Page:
Challenge and Change : Right-Wing Women, Grassroots Activism, and the Baby Boom Generation.

By: Benowitz, June MelbyMaterial type: TextTextSeries: JSTOR eBooksPublisher: Gainesville : University Press of Florida, 2015Description: 1 online resource (385 pages)Content type: text Media type: computer Carrier type: online resourceISBN: 9780813055572; 0813055571Subject(s): Women -- Political activity -- United States -- History -- 20th century | Conservatism -- United States -- History -- 20th century | Women's rights -- United States -- History -- 20th century | Baby boom generation -- United States | Women political activists -- Training of -- United States | Right and left (Political science) | POLITICAL SCIENCE -- Essays | POLITICAL SCIENCE -- Government -- General | POLITICAL SCIENCE -- Government -- National | POLITICAL SCIENCE -- Reference | Baby boom generation | Conservatism | Right and left (Political science) | Women -- Political activity | Women's rights | United States | HISTORY / Women | 1900-1999Genre/Form: History. | Electronic books.Additional physical formats: Print version:: Challenge and Change : Right-Wing Women, Grassroots Activism, and the Baby Boom Generation.DDC classification: 320.0820973/0904 LOC classification: HQ1236.5.U6 | B47 2015Online resources: Click here to view this ebook.
Contents:
Our schools, our children -- Shaping American education -- Public health -- Right-wing women and desegregation of the public schools -- Protesting the protests -- Sex, God, and the American flag: tradition and change in moral values -- The Vietnam War and student rebellion -- "Women's liberation" and the Equal Rights Amendment.
Summary: Focusing on 1950-1980, June Benowitz explores the development of the right-wing women's movements in the United States by analyzing differences and continuities between the generations of conservative activists. Benowitz particularly seeks to understand the ways in which grassroots members of the Old Right responded to the political, cultural, and social ideologies of Baby Boomer youth by constructing a thematic framework covering major issues taken up be woman such as education, health, morals, war, and patriotism.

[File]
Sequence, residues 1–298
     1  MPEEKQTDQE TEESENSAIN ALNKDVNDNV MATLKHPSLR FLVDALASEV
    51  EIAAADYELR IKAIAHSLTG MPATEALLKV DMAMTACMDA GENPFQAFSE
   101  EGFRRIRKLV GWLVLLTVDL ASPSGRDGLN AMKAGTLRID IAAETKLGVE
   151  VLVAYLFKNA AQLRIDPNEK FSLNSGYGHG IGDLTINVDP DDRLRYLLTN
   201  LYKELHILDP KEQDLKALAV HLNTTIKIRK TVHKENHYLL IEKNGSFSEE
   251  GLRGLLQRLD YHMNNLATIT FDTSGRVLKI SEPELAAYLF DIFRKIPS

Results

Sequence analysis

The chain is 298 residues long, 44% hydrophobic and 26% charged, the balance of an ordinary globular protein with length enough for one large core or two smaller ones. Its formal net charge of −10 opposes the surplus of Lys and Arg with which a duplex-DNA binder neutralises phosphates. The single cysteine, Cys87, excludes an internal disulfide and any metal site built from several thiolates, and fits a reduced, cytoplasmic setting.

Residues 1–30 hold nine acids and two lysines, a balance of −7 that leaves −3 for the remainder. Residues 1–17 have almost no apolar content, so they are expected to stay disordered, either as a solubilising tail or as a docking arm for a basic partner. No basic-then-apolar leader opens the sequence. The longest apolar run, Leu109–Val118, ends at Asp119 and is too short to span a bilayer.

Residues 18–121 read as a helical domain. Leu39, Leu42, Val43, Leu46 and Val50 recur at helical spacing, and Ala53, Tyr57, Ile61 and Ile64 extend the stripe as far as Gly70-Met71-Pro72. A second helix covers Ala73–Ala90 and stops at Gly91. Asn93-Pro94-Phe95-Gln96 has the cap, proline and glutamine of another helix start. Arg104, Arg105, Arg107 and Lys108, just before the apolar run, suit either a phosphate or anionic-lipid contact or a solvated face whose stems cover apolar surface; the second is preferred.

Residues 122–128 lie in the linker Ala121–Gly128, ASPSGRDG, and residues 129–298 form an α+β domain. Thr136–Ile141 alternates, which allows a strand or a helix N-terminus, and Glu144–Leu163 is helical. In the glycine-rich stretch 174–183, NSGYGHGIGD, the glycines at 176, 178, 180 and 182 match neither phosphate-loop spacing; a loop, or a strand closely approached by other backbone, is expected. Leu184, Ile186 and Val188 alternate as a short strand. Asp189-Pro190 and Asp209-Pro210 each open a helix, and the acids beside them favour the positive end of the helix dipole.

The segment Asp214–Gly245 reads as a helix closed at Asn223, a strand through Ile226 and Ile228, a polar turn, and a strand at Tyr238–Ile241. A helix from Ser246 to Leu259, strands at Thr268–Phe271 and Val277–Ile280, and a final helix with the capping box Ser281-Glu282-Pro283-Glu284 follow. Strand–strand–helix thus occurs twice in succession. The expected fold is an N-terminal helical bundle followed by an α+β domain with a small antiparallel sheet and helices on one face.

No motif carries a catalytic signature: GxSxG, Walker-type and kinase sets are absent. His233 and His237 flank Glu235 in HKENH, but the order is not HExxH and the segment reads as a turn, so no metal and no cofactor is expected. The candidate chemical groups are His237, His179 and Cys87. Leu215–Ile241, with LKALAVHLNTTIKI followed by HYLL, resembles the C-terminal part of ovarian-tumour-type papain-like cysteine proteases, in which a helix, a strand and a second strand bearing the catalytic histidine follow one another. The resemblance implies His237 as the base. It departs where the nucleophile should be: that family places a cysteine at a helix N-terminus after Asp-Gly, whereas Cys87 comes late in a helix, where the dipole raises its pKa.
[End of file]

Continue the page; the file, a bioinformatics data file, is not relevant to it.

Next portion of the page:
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HQ1236.5.U6 B47 2015 (Browse shelf) https://ezproxy.uttyler.edu/login?url=https://www.jstor.org/stable/10.2307/j.ctvx074cj Available ocn993773236

Print version record.

Our schools, our children -- Shaping American education -- Public health -- Right-wing women and desegregation of the public schools -- Protesting the protests -- Sex, God, and the American flag: tradition and change in moral values -- The Vietnam War and student rebellion -- "Women's liberation" and the Equal Rights Amendment.

Focusing on 1950-1980, June Benowitz explores the development of the right-wing women's movements in the United States by analyzing differences and continuities between the generations of conservative activists. Benowitz particularly seeks to understand the ways in which grassroots members of the Old Right responded to the political, cultural, and social ideologies of Baby Boomer youth by constructing a thematic framework covering major issues taken up be woman such as education, health, morals, war, and patriotism.

Reviews provided by Syndetics

CHOICE Review

The dull title of this engaging book does not do it justice. Benowitz (Univ. of South Florida Sarasota-Manatee) writes a clear account of national right-wing women activists between 1950 and the mid-1970s. In their roles as mothers, rightists perceived a responsibility to defeat any threats to their children. These women, often racist and anti-Semitic, saw communists at the heart of demands for school integration, mental health reform, sex education, and polio vaccination. Rightist women also viewed the government and progressive educators, as well as scientific and intellectual elites, as part of a broad conspiracy to undermine their vision of a utopian United States. Benowitz argues that these women set the stage for the rise of the New Right and the Tea Party. The scope of the book is impressive. The author covers every major rightist issue, including the Vietnam War and the Equal Rights Amendment, and shows command of the secondary literature. The historical context to such controversies as the fluoridation of public water will be very useful to readers. Summing Up: Highly recommended. General collections, and upper-division undergraduates and above. --Caryn E. Neumann, Miami University

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